With regard to PD, we also study the transcriptional coactivator protein, peroxisome proliferator activated receptor-gamma (PPAR-gamma) coactivator 1-alpha (PGC-1) that is a master regulator of mitochondrial and oxidative stress in cells. Previously, using transgenic mice overexpressing PGC1 in the brain, we showed that dopaminergic neurons in the substantia nigra are resistant to the neurotoxin MPTP (Mudo et al 2012). In addition, we recently showed that brain neurons in the PGC-1 transgenic mice are partially protected against excitotoxic injury induced by the glutamate receptor agonist kainic acid. Gene profiling and proteomic studies of brain tissue from control and PGC-1 transgenic mice revealed an interesting pattern of changes. These changes were most prominent in mitochondria- associated proteins that contribute to increased nerve cell viability in the PGC-1 transgenic mice. These genes and proteins will be the objectives of future studies.

PGC-1 acts by binding the PPAR-gamma receptor in cell nuclei to regulate various genes. We have therefore analyzed the effects of chemical compounds and drugs that are known to influence PPAR-gamma signaling. These drugs are usually employed for treatment of metabolic disorders such as type-2 diabetes, and we are studying whether they may also have beneficial effects in brain disorders (Patrone et al., 2014). For many of these studies we are using the Seahorse XF Analyzer that permits testing of mitochondrial functions living neurons in real-time. As a result, we have obtained evidence that some growth factors (Mäkelä et al., 2014) as well as bona fide neurotrophic factors (unpublished) regulate the levels and activity of PGC-1 in neuronal cells. We are currently exploring these mechanisms in more detail.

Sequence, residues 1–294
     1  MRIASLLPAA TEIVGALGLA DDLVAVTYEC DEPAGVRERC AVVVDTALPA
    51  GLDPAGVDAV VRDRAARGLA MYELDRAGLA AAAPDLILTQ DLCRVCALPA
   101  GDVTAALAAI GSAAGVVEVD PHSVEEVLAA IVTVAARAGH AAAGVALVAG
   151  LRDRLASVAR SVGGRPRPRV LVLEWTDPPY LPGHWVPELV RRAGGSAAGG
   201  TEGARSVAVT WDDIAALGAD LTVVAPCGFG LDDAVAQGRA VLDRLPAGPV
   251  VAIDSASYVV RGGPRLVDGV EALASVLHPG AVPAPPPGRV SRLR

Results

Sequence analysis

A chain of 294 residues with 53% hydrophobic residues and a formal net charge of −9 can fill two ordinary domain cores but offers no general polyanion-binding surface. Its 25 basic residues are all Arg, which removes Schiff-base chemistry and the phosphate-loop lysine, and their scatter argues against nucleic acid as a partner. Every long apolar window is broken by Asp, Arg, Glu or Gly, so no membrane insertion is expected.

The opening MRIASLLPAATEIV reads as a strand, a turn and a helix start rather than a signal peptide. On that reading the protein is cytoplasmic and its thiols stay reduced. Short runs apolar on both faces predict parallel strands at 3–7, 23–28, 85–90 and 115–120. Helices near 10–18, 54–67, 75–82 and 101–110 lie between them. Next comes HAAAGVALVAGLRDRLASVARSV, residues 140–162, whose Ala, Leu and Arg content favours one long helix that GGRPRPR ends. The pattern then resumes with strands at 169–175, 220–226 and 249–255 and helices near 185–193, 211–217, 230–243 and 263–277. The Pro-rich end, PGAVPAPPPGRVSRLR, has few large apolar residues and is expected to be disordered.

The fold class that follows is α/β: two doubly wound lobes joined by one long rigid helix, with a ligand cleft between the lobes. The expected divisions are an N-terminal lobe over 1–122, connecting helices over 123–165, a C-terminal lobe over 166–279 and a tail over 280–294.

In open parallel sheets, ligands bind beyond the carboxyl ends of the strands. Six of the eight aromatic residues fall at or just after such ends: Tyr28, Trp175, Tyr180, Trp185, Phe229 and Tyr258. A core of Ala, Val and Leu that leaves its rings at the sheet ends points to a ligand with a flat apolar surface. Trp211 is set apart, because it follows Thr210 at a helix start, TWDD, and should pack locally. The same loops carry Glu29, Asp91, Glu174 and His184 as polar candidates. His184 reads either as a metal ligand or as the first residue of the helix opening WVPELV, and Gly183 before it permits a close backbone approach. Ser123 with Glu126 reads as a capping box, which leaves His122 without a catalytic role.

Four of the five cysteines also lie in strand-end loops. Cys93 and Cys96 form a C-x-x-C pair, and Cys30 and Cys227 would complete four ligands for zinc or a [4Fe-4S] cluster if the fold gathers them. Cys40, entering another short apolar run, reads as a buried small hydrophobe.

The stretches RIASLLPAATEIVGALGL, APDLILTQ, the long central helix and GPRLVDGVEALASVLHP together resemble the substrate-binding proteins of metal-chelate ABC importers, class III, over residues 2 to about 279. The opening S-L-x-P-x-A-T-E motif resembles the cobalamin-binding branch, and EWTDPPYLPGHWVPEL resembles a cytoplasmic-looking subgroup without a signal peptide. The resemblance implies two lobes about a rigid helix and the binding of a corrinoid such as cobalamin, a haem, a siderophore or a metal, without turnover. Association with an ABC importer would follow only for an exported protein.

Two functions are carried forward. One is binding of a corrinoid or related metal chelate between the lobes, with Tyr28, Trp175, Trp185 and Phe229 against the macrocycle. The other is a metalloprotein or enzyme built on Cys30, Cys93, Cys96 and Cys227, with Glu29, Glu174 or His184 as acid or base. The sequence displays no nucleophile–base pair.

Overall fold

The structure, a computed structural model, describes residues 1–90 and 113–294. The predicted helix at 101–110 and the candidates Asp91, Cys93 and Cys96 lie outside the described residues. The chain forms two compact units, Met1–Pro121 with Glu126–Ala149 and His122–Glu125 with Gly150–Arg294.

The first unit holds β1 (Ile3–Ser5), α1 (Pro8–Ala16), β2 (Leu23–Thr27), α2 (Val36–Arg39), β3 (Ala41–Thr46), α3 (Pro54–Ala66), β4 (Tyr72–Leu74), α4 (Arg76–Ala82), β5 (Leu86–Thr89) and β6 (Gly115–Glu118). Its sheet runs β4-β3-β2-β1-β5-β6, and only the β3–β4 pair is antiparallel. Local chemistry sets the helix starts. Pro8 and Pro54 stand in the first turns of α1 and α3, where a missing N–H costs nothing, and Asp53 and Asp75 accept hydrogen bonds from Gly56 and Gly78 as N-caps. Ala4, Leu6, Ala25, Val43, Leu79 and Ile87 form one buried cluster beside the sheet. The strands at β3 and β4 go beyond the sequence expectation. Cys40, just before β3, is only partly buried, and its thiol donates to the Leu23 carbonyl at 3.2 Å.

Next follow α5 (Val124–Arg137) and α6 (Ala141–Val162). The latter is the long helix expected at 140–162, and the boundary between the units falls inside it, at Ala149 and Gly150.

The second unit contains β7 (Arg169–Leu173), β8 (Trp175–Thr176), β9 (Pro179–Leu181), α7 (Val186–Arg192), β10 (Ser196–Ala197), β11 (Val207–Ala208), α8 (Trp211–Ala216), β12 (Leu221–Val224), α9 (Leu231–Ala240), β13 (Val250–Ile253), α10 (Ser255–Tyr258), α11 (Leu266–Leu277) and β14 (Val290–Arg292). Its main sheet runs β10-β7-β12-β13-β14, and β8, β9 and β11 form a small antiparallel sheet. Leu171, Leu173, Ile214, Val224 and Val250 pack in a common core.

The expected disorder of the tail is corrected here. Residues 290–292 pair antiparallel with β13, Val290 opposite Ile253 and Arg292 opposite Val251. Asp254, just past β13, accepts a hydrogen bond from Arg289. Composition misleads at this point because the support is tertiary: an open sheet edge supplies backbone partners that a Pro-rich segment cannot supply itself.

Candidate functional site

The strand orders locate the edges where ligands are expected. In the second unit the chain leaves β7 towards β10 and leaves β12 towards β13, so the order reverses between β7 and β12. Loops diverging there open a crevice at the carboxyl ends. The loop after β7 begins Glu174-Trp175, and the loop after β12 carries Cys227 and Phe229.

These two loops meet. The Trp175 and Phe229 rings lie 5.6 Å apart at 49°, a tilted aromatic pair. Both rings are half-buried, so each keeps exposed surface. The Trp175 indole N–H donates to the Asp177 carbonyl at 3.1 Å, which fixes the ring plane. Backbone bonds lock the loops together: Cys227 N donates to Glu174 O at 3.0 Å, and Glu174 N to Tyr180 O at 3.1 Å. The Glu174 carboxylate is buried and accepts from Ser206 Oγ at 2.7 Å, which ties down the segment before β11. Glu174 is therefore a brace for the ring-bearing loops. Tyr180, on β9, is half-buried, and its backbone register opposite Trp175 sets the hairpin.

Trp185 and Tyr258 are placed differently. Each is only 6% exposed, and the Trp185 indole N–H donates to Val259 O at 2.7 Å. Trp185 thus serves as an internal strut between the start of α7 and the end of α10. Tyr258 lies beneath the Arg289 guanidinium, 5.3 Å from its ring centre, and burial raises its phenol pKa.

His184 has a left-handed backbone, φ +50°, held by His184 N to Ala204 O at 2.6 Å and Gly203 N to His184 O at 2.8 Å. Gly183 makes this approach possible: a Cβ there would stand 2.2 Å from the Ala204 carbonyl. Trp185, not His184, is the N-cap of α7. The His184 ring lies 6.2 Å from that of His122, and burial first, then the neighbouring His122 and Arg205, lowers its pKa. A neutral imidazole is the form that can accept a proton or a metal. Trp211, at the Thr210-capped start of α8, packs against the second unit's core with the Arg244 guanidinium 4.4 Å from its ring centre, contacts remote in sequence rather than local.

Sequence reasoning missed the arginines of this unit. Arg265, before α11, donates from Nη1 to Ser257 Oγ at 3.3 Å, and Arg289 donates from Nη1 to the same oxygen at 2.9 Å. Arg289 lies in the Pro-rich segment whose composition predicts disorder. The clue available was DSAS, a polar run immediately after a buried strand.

Contact info

Dan Lindholm, M.D., D.M.Sc., Professor